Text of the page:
In my last post, I talked about discovering my blogging voice. To help me do this, I am going through my journey of discovering my journaling voice after having taken a break from it for over eight years. And so I have decided to go through my journal entries and even post some of them on here. (I know, what can go wrong, right? …RIGHT!?!?)
In doing this, I stumbled upon an interesting entry that reminded me that this process of discovering and establishing a blogging voice will not be a straight line.
Here’s the context: When I started journaling again, it was very hard, so I made it a goal to just write whatever I could every day. After two weeks, my entries started looking less like lists and more like underdeveloped and poorly constructed thoughts. Still progress. After a month, there were coherent thoughts. Then, there was a gap in the dates of the entries.
This was the next entry:
I have not journaled in several days for several reasons: I was too tired or too busy to write, and I had nothing to say that I felt was constructive or that would turn into anything. I forgot the point of journaling is to reveal what is there on the page, and instead I was focusing on what to write about before getting to the blank page, so I never got there. I also worked a lot.
In the above entry, I reveal that even though I had been going strong for a month, all of the sudden, I stopped. Even though, I had a rhythm developing, and I was just writing, I stopped. Even though I knew what to do (freewrite), I all of the sudden thought I had to do it a different way (plan out what to write and then write it).
It looks confusing at first, like, “Why did that happen? Where did that random switch to a new method come from?” But more than likely, I had been trying little different techniques along the way without realizing it because they still got words on the page. Then, as my brain tried out techniques, one popped up that did not produce words on the page.
From the entry, I can tell that the lack of writing was discouraging, like, “Maybe I can’t do this.” But that’s not true. That’s just how problem solving works.
I thought I would keep writing and writing and get better and better, but that’s just not how it works. You may plan for a linear progression, but that’s just not how it works.
That graph up there ^ may be the expectation, but that’s not how learning occurs. It’s the general trend; it’s the overall progression; but it’s not how the trendline is formed.
There are ups and downs, but the long term goal is to be going upwards and getting better. The trendline is based on averages of actual data points.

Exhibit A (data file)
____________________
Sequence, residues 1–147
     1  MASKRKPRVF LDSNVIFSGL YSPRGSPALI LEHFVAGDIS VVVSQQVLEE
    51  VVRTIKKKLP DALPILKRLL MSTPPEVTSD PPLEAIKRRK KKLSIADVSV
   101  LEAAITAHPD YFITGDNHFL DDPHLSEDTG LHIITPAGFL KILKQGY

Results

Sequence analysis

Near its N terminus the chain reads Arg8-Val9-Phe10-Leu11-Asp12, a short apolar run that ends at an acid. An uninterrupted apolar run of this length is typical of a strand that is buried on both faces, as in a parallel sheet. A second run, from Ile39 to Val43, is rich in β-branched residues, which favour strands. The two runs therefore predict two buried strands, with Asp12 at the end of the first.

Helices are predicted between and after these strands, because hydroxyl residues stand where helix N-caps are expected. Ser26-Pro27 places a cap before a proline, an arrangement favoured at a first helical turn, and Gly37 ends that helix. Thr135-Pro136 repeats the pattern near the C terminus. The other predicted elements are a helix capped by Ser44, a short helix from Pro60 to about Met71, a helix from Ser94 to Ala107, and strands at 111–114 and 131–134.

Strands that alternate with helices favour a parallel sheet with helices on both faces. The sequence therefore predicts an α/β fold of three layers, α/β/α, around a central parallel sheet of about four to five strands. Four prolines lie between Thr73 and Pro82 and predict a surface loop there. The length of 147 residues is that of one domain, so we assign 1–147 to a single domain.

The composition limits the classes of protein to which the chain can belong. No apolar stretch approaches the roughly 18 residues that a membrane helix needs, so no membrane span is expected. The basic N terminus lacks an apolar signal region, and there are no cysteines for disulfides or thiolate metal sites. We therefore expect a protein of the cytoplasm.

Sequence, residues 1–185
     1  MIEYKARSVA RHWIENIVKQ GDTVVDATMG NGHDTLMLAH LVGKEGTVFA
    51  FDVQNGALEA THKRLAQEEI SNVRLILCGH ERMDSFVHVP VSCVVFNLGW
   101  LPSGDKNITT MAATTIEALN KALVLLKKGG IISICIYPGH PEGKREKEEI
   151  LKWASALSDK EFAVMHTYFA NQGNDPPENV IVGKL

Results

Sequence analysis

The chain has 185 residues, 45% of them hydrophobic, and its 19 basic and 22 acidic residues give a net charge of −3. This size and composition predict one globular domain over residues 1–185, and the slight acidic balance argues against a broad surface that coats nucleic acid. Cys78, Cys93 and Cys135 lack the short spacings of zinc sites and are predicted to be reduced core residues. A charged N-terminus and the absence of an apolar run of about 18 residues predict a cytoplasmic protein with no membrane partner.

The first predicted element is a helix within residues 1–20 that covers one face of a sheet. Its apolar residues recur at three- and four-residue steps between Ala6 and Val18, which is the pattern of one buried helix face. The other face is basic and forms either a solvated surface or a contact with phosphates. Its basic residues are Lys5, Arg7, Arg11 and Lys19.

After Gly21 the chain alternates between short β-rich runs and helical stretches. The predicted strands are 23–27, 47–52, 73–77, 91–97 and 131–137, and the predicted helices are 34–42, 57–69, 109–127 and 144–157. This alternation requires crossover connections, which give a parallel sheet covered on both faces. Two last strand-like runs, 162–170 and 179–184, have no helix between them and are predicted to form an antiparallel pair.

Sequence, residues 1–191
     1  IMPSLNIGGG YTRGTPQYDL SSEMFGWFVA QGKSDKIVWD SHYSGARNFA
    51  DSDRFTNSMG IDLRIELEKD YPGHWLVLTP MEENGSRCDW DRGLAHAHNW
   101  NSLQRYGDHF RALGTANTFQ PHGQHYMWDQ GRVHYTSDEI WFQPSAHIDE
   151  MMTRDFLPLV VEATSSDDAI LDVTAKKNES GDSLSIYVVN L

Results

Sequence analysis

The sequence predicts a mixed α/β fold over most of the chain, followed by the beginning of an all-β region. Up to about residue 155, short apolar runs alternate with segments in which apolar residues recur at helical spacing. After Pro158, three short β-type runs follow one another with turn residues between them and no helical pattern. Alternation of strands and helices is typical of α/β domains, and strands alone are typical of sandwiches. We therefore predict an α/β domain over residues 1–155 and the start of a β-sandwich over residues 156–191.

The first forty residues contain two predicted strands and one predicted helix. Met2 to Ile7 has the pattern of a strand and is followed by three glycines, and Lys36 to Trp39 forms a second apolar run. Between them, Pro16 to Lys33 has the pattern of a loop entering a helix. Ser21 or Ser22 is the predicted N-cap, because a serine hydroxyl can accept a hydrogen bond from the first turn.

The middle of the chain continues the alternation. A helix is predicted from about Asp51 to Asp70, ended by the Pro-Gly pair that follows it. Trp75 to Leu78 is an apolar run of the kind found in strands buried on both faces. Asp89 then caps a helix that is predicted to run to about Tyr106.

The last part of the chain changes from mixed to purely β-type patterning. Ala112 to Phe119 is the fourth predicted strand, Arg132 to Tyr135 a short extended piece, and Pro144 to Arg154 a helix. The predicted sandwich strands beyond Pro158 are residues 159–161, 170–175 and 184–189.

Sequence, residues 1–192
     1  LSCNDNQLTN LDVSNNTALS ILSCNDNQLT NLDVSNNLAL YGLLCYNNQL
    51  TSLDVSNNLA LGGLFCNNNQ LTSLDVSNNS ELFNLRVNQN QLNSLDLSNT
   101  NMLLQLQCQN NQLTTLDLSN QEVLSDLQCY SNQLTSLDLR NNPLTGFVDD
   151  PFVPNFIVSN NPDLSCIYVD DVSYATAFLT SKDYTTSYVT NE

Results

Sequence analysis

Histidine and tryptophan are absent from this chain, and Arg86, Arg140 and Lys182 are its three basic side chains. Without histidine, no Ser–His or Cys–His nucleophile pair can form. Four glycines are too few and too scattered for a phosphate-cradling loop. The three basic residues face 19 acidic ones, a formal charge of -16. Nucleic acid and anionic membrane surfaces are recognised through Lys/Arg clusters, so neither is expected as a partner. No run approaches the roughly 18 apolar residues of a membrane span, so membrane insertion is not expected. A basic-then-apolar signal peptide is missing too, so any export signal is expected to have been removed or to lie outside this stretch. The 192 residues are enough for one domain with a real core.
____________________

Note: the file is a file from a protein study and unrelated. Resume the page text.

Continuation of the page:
I see it kind of like being in a maze, where you don’t have a map, so you have to try different turns and hit some dead ends to find the path to the goal. For example, Figure 3 shows an awesome garden maze that I found from Tom Fisk on Pexels.com. For Person A, the path looks easy and obvious: It’s a straight path. For Person B, the path looks super discouraging: It’s a wall.
But you can see that for any given part of the maze where there’s a wall, it doesn’t necessarily mean failure or that it’s over; it just means you can’t go there and have to turn.
So, I guess what I have learned in this portion of the search is to not be discouraged when (yes, WHEN) I hit a wall or when there is a dip in the linear progression because that is just part of the process.
Imagine you are traveling along the graph, like the people in the maze pictured above, but instead of traveling along a garden maze designed by someone else, you are forming the line that connects the data points in the graph of your own story of progress.
The line doesn’t know which way is “up” as it moves along the graph from point to point. It has to find it. Look at the line and imagine that is you, making the line. You don’t know which way is up or what that looks like while you’re forming your own path any more than the line on the graph does. “Up” could be anywhere; you have to find it by finding out that down is not the correct direction, just like you have to find the right path in the maze by finding the walls.
This post also reminds me that there will be walls and discouraging results. But they’re just part of the search. They are part of the journey and part of the path that is being formed. They are proof that you are growing and learning where limits are and learning where the downward direction is that you do not want to go and where the upward direction is that you need to get to. So go. Continue on. Continue to search. Turn and keep moving and find the next wall that defines your path.
(for those wondering what happened after this, my entries went back to being lists, partially because I was so busy, but at least I was writing and practicing, and eventually they became thoughts again)